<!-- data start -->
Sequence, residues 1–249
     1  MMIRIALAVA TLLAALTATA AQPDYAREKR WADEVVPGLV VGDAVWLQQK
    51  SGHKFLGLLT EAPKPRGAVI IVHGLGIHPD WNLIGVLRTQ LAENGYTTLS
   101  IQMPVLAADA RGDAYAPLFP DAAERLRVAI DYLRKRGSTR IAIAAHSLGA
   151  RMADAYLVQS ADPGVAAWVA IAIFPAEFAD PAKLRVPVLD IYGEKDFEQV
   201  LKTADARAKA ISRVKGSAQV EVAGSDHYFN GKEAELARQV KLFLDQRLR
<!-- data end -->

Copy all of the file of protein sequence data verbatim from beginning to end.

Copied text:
Sequence, residues 1–249
     1  MMIRIALAVA TLLAALTATA AQPDYAREKR WADEVVPGLV VGDAVWLQQK
    51  SGHKFLGLLT EAPKPRGAVI IVHGLGIHPD WNLIGVLRTQ LAENGYTTLS
   101  IQMPVLAADA RGDAYAPLFP DAAERLRVAI DYLRKRGSTR IAIAAHSLGA
   151  RMADAYLVQS ADPGVAAWVA IAIFPAEFAD PAKLRVPVLD IYGEKDFEQV
   201  LKTADARAKA ISRVKGSAQV EVAGSDHYFN GKEAELARQV KLFLDQRLR